AP U.S. History controversy becomes a debate on America
Adam B. Lerner
The simmering national debate over Advanced Placement U.S. History, an optional high-school course whose final exam can earn students college credit, boiled over this week when an Oklahoma lawmaker sought to replace recommended course guidelines with his own.
On Tuesday, the Oklahoma State House of Representatives’ Education Committee passed a bill that would defund the current AP U.S. History course framework and replace it with a curriculum deemed more pro-American by the bill’s sponsor, state Rep. Dan Fisher (R).
“Under the new framework, the emphasis of instruction is on America as a nation of oppressors and exploiters,” Fisher said. His new proposal called on the State Board of Education to form a new curriculum by the 2015-2016 school year that required a series of specified documents. The state would also cease providing funds geared toward preparing for the new AP U.S. History course’s exam.
Liberal critics pounced.
They harped on the bill’s inclusion of speeches by Ronald Reagan and George W. Bush and omission of any documents from their Democratic contemporaries (though it did include Malcolm X’s “Ballot or the Bullet” speech and Lyndon Johnson’s “Great Society” speech).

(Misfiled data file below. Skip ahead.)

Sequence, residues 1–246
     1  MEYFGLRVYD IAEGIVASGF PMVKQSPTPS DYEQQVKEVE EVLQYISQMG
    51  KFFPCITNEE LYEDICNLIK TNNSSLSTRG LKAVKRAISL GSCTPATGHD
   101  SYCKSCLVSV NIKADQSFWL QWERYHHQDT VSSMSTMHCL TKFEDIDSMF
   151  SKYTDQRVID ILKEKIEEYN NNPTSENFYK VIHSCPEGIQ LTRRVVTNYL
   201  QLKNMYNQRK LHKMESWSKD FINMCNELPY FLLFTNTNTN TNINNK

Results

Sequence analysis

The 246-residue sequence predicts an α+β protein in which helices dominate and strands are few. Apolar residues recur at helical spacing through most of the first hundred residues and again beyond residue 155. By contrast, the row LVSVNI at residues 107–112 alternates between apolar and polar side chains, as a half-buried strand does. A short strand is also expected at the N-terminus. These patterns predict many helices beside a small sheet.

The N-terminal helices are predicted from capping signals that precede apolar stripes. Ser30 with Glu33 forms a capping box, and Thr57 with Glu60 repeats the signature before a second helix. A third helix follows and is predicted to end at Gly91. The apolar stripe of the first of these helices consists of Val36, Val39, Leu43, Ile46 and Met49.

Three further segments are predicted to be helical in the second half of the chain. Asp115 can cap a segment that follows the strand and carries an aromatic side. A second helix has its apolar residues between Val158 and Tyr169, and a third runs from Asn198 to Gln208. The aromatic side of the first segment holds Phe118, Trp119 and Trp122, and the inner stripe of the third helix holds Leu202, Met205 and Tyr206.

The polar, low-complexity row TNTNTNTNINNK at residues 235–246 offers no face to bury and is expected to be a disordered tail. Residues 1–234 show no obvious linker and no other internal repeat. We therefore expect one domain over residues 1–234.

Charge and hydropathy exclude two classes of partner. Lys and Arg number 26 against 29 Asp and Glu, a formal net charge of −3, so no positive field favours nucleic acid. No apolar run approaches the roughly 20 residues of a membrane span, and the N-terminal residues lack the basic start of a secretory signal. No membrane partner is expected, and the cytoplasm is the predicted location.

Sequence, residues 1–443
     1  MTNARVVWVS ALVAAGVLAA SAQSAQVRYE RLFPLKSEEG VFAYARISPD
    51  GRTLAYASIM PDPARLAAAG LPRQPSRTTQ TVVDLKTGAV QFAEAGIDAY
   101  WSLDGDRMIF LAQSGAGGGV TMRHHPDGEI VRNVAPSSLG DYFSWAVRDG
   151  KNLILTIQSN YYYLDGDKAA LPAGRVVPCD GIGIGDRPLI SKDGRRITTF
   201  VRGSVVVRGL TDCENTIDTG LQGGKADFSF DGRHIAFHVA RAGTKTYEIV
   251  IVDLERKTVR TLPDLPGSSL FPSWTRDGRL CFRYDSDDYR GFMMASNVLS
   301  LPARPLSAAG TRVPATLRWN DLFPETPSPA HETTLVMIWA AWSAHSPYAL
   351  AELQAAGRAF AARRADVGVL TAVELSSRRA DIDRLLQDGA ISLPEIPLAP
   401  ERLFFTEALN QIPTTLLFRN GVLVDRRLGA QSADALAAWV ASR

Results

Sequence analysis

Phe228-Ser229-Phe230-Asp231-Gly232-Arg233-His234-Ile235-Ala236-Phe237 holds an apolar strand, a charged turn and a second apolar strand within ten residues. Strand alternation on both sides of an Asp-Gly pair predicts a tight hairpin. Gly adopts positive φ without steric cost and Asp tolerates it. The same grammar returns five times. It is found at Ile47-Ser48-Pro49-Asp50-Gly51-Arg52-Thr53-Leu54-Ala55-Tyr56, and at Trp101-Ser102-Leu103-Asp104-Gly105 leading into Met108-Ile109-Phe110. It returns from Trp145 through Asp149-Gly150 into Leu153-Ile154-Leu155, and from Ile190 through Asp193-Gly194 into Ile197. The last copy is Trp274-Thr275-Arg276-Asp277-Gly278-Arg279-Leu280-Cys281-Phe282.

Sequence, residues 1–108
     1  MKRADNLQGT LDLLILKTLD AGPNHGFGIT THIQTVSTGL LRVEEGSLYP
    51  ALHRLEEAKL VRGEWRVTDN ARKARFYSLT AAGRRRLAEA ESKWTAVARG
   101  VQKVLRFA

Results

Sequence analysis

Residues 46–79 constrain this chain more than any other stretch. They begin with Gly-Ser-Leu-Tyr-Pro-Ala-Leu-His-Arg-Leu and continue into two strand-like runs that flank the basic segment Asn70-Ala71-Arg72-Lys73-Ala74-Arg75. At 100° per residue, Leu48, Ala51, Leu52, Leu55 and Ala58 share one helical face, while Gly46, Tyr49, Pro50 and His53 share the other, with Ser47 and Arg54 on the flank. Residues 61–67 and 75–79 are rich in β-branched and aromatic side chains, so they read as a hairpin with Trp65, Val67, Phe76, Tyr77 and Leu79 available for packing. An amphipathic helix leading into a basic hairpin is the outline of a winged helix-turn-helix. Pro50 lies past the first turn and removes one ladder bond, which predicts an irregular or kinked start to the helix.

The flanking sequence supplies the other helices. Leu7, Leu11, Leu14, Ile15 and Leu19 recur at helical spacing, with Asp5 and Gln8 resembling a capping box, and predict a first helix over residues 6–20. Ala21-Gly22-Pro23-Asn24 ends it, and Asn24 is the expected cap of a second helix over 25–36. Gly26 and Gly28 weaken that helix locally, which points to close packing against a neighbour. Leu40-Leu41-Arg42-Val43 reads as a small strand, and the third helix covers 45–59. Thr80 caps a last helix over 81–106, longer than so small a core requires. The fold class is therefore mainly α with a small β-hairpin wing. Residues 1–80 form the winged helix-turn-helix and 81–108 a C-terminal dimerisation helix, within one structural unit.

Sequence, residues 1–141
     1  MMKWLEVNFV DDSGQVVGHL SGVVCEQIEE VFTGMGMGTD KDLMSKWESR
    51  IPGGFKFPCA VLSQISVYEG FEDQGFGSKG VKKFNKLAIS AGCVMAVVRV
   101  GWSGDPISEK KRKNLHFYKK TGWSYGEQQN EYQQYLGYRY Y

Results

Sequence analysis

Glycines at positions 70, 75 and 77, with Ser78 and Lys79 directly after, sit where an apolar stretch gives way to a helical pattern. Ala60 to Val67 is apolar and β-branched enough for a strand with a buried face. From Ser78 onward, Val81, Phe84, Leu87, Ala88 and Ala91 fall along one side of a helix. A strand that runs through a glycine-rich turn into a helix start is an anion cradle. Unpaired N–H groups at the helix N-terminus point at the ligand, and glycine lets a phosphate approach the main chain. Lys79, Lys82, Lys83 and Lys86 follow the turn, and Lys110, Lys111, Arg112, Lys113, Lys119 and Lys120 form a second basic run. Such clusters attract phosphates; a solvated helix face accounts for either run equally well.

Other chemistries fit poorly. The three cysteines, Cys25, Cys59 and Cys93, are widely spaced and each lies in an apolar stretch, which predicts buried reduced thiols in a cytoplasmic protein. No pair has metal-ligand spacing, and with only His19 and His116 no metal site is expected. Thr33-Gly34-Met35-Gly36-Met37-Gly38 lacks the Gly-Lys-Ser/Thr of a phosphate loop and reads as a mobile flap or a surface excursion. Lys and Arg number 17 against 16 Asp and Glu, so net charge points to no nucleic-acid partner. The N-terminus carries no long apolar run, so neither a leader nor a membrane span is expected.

Amid the controversy, Fisher withdrew the bill for revision, telling a local newspaper that it was “poorly worded.”
The national battle over AP U.S. History has been raging since the middle of 2014, when the College Board, which administers AP tests, implemented a new framework designed to encourage critical analysis of America’s founding narrative.
Conservative critics have attacked the new course guidelines as rewriting American history.
One objective in the framework said that students should be equipped to “investigate how American foreign policies and military actions have affected the rest of the world.” Another “key concept” the framework cites said that Ronald Reagan transitioned from “defense spending, military action, and bellicose rhetoric” to a “friendly relationship with Soviet leader Mikhail Gorbachev.”
Presidential contender Ben Carson said in a speech last fall that “most people when they finish that course, they’d be ready to go sign up for ISIS,” the Iraq and Syria-based terrorist group. On Thursday, Fox News’ Andrea Tantaros said that the course material contains “meaningless liberal crap” that’s “trickling down to our kids’ level.”
For his bill, Fisher solicited testimony from Larry Krieger, a retired history teacher who, along with activist and attorney Jane Robbins, launched an open letter campaign credited with inspiring the Republican National Committee’s resolution condemning the framework as “radically revisionist” in August 2014.
Oklahoma is an unlikely site for the battle over AP U.S. History: Fewer than 3,500 of the 460,000 students who took the exam last year did so in the state — and only 40 percent of those students were deemed “qualified” for college credit after taking the test, compared with more than 50 percent of all those who took it.
But conservative groups have challenged the course across the country in a variety of localities and states, including North Carolina, Texas, South Carolina, Georgia and Colorado, where students in Jefferson County staged a walkout over what they saw as the local school board’s efforts to censor their curriculum. The Jefferson County School Board announced Friday that it decided not to pursue changes to the course.